At the Internet Watch Foundation’s (IWF) annual general meeting today, former Director of Public Prosecutions Lord Ken MacDonald reported on the results of his review into the human rights implications of the IWF’s activities.
The independent review was commissioned by the IWF following suggestions that its activities might contravene the rights enshrined in the Human Rights Act. However, at today’s AGM, Lord MacDonald put these fears to rest, praising the IWF for the respect and sensitivity with which it had balanced the rights to privacy and freedom of expression with the important task of combating the distribution of child abuse images online.
Lord MacDonald argued the IWF’s activities do impact on the rights to privacy and freedom of expression, but in a way which is proportionate and justifiable.
Nevertheless, the Lord MacDonald argued that the IWF, while not a public body, does exercise a public function. Importantly, this means that its actions and decisions are a legitimate subject for judicial review.
MacDonald also made a number of recommendations aimed at ensuring that the IWF maintains its high human rights standards.
Firstly, he suggested that the IWF should explicitly limit its scope to child abuse content, removing other “potentially illegal” content from its remit. Child abuse content is unique in that it is universally condemned by the public and it is relatively easy for IWF analysts to identify. Other illegal content, on the other hand, is a much more complicated and controversial area of law, where legal defenses are potentially available to publishers that the IWF would not be well placed to adjudicate. IWF decisions to remove or block such content would run a much higher risk of impinging unacceptably on human rights.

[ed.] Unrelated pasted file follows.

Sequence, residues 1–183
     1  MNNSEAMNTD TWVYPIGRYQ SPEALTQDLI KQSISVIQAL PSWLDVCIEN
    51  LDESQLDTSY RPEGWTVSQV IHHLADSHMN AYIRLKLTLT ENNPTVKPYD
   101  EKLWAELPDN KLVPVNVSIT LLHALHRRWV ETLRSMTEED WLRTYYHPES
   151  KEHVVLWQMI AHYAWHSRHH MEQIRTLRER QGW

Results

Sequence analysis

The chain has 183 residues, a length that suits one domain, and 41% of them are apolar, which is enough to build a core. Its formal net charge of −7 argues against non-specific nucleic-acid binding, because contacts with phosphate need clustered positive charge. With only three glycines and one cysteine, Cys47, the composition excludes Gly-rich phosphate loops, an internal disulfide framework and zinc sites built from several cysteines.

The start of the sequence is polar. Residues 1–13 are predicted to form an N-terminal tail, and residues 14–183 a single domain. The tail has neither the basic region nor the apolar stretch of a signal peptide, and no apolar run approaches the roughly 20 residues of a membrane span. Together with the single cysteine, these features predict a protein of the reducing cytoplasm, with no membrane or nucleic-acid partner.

Secondly, MacDonald argued that the IWF should limit its scope to identifying and removing child abuse content, as opposed to investigating perpetrators, which is the proper role of law enforcement. In particular, he recommended abandoning for the time being plans to investigate and disrupt the distribution of child abuse content over peer-to-peer networks. Investigation of peer-to-peer networks, argued MacDonald, inevitably involves a degree of intrusion that, while appropriate in the context of a criminal investigation, is not an appropriate role for a private body such as the IWF.
Answering questions as to whether the IWF should step in to investigate use of peer-to-peer networks by paedophiles if the police lack financial resources, the former DPP said that it should not. “The primary responsibility for dealing with serious crime lies with the State. If politicians do not give sufficient funding to the police and prosecutors, the proper response is to tell them that they should”.
The MacDonald report is currently before the IWF board, who will decide whether to accept or reject its recommendations. The IWF has promised to release the report publicly once a decision has been made.